In the end, it can’t help but sentimentalize the better angels that supposedly reside in the land of liberty’s flawed human fabric.
On an almost bare stage, the scenes bleed into each other with little sense that the setting or situation has changed.
The show’s third and final season struggles to consistently build gripping stories for its vivid characters to inhabit.
The film’s satisfyingly tactile action set pieces serve to hammer home just how perilous the space race really was.
The film is content to present Anton Chekhov’s ideas rather than grapple with their provocative and complex subtexts.
Stephen Gaghan’s Gold finds no treasure of gleaming originality in its crushingly clichéd anti-capitalist parable.
It potently clarifies how our lives are spent distracted from matters of the closest personal significance.
The episode deals with several kinds of love: romantic, platonic, and that sparkly feeling somewhere in between.
The tectonic shifts in the inner lives of Girls’s main characters sometimes bring them back together.
Like a Jane Austen novel, Girls seems obsessed lately with pairing its main characters up with long-term mates.
Tim Blake Nelson’s film immerses itself into as many pain-induced (and painful) subplots as it possibly can.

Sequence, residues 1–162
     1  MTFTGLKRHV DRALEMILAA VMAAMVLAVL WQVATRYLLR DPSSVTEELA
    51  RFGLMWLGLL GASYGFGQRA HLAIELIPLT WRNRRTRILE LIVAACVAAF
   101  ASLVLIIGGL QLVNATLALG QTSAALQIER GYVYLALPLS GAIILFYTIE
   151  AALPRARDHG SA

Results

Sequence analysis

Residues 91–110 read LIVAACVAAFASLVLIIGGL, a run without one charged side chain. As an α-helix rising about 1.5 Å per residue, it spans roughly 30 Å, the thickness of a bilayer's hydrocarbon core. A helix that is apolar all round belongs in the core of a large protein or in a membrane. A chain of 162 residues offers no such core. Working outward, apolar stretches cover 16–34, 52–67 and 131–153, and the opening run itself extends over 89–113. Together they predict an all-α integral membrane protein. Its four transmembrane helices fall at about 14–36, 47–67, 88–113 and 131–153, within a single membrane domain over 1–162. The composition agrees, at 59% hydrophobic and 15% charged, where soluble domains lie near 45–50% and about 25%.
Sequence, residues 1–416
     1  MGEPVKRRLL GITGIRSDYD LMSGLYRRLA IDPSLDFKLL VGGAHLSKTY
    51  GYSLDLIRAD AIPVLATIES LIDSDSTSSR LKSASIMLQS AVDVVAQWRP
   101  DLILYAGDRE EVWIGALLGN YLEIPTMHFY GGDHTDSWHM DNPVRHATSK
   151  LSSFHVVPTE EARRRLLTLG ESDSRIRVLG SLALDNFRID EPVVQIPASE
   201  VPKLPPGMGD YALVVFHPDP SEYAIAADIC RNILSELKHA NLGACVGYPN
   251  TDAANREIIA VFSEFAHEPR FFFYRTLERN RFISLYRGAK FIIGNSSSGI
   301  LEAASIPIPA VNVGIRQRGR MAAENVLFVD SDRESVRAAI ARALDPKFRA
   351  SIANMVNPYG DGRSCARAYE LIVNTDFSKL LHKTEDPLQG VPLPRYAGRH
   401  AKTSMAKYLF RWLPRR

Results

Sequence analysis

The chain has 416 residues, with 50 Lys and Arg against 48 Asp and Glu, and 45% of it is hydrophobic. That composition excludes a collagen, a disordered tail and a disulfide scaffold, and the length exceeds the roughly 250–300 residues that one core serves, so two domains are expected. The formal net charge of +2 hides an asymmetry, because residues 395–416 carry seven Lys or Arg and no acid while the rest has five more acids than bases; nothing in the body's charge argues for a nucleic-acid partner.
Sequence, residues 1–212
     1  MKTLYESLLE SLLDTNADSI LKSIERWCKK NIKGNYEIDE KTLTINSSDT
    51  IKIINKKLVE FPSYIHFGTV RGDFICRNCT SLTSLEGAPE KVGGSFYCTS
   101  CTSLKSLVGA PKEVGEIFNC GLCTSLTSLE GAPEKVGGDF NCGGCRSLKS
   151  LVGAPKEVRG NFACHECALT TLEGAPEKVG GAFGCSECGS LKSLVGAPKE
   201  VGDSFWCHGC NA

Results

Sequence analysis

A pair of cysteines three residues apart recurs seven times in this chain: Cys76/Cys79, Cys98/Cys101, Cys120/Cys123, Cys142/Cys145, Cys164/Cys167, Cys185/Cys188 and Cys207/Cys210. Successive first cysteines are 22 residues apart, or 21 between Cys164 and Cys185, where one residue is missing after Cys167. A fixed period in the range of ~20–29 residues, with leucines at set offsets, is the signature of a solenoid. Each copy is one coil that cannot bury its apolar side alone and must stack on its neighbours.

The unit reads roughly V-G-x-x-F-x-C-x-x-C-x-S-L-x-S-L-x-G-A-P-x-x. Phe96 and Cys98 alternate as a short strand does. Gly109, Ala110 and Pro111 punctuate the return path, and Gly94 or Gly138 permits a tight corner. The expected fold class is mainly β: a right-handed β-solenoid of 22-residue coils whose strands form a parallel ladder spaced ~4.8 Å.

The film is a lightly dramatized case file that’s structurally averse to world-building and psychological portraiture.
The payoff is a huge and telling visual howler, summarizing the entire plot with a blithe indifference that will inevitably mirror the audience’s.
Compounding the leaden pace are the shoehorned references that connect the film to the continuity of the Marvel universe.
The reset that follows Nicolas Brody’s death in Iran at the end of season three may save Homeland from ignominy.
This is a Hollywood-delivered chronicle of the immigrant experience that earns its justification through good will and tact.
And the jury’s still very much out over whether Shawn Levy is an inept comedy director masquerading as an opportunistically dramatic one, or vice versa.
The story wisely focuses on the cast’s worn-in and jazzy repartee and expresses a perfectly modulated sense of self-awareness.
The latest collaboration between director Jaume Collet-Serra and star Liam Neeson is made with far more care and visual detail than you might expect.